Our initial inquiry here is whether these remarks are supported by the record. United States v. Barbone, 283 F.2d 628, 632 (3rd Cir. 1960). A thorough evaluation of the record leads to the conclusion that these comments read in context were within the bounds of reasonable inference from that evidence. There was the testimony of Nancy Rivera, whose mother owned the Pink Pussy Cat Lounge, that Frank Pizzi was negotiating its purchase. This was corroborated by correspondence introduced in evidence between counsel for the buyer and seller. Pizzi himself admitted to Carol and Robert Russo that he and his partner, Bobby, were going to buy it and wanted Robert Russo to work there. They testified that the activity sounded illegal to them but Pizzi assured them he could keep Robert Russo out of trouble. Moreover, on another occasion, Robert Russo was told he could "square himself" by doing NBHS at his place of employment. Similarly, there was testimony that many people used Pat's gas station as a place to get together, that although cars came in, little gas was pumped and that Pizzi, when there, had on sports clothes and spent his time on the telephone.
Certainly, all three witnesses for the prosecution testified to threats. The account of assaults by Robert Russo was corroborated by the observation of Linda Palmisano. Pizzi himself admitted to Robert and Carol Russo that he had connections with the police, and on two occasions, Robert Russo observed him talking with police officers. The testimony on Frank Pizzi's night life, his relations with Linda Palmisano, and by his own testimony, at least two meetings with prostitutes during the three week period in January, provided support for other remarks of the prosecutor. Finally, there was much testimony regarding Frank Pizzi's gun and his willingness to use it. Despite the absence of evidence specifically to support the "twirling" incident, we do not find this remark alone enough to constitute reversible error.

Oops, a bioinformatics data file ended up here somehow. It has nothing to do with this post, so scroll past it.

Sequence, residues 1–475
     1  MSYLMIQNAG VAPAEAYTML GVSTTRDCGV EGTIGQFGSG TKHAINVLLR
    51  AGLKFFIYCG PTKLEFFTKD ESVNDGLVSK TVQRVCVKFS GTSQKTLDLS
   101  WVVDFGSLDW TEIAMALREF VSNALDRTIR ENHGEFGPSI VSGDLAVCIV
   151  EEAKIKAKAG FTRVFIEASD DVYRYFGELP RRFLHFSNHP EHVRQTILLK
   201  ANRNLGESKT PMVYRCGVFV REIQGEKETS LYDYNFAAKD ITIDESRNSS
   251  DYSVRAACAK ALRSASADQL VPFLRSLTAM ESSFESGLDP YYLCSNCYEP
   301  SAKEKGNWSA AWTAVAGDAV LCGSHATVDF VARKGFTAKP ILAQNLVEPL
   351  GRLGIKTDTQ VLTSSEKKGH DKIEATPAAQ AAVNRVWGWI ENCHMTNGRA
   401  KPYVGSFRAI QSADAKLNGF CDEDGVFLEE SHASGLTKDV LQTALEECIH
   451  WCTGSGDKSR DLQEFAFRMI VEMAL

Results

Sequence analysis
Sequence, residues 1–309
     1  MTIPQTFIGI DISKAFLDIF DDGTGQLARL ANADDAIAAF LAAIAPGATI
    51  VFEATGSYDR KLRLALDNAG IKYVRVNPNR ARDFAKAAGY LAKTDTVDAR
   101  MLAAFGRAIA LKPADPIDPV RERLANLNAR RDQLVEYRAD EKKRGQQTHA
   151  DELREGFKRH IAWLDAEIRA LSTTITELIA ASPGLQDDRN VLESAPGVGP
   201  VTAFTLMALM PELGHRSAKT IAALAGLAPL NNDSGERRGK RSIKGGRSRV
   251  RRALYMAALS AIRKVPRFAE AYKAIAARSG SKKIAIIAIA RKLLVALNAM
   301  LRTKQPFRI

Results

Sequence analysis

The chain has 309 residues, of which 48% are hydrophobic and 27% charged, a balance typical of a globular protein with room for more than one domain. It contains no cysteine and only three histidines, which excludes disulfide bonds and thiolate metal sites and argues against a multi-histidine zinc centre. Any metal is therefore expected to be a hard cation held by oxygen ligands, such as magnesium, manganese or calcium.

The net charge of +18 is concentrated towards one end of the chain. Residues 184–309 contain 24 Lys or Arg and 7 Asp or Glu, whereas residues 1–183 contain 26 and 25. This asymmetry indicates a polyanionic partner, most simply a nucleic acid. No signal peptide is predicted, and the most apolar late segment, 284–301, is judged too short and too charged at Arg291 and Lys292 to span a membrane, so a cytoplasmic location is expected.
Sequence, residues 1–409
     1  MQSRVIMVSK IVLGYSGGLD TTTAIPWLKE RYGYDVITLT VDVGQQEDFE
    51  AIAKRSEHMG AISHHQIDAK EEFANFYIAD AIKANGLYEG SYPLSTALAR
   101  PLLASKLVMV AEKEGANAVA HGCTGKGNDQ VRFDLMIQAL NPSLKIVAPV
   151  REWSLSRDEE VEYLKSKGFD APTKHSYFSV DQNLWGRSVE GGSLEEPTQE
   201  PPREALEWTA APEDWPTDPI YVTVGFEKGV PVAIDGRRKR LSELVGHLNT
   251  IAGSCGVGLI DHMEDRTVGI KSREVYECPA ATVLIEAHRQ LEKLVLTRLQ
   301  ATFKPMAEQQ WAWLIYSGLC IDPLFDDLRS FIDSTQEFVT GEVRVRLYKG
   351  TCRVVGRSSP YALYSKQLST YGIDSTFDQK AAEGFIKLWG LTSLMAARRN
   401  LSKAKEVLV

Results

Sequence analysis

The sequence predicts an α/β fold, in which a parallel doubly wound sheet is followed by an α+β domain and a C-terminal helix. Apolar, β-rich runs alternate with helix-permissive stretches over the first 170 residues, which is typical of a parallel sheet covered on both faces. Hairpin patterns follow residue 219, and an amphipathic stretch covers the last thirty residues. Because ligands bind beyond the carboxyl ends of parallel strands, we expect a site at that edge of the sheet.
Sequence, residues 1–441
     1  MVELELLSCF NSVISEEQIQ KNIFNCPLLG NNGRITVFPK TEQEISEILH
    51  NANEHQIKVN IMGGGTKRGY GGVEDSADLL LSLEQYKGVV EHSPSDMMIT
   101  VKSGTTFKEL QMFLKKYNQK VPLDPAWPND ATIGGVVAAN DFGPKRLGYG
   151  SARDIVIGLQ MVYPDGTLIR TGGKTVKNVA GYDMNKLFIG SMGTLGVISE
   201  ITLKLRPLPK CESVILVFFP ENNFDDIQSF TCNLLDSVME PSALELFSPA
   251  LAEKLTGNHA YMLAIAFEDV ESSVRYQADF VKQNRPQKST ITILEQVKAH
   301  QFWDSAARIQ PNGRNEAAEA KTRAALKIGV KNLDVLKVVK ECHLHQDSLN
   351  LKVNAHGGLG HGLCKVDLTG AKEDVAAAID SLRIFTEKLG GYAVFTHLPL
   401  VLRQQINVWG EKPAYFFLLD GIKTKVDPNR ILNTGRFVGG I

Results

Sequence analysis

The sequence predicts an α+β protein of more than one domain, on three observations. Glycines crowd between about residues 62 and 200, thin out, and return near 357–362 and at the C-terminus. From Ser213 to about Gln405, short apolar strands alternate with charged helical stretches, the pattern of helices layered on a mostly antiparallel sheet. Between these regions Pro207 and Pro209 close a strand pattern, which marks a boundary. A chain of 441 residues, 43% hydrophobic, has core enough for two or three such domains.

This does not say that we condone the remarks made by the prosecutor during summation. They are of doubtful propriety. Although supported by the testimony, they approach the outer limits of permissible inference from that evidence, and in other circumstances, they might have constituted reversible error.
The record here, however, reveals that the contest was hard fought and both sides " 'clash'd on their sounding shields the din of war.'" United States v. Stirone, 262 F.2d 571, 577 (3rd Cir. 1958). The evidence consisted almost entirely of testimony with the witnesses on each side supporting theories violently opposed. Credibility was virtually the entire issue before the jury. Moreover, when comparing the arguments of defense counsel on summation, we cannot say that the prosecutor took greater liberty in drawing inferences from the evidence.*fn2 Finally, it is significant that no objection was made by defense counsel at the end of summation or the following morning before the judge instructed the jury. Although the absence of objection need not be decisive, we do not find this case to present exceptional circumstances which permit us to ignore this omission. United States v. Socony-Vacuum Oil Co., 310 U.S. 150, 238-239, 60 S. Ct. 811, 84 L. Ed. 1129 (1940); United States v. Lawson, 337 F.2d 800, 807 (3rd Cir. 1964).
We have also reviewed the numerous other contentions raised by appellants and find ...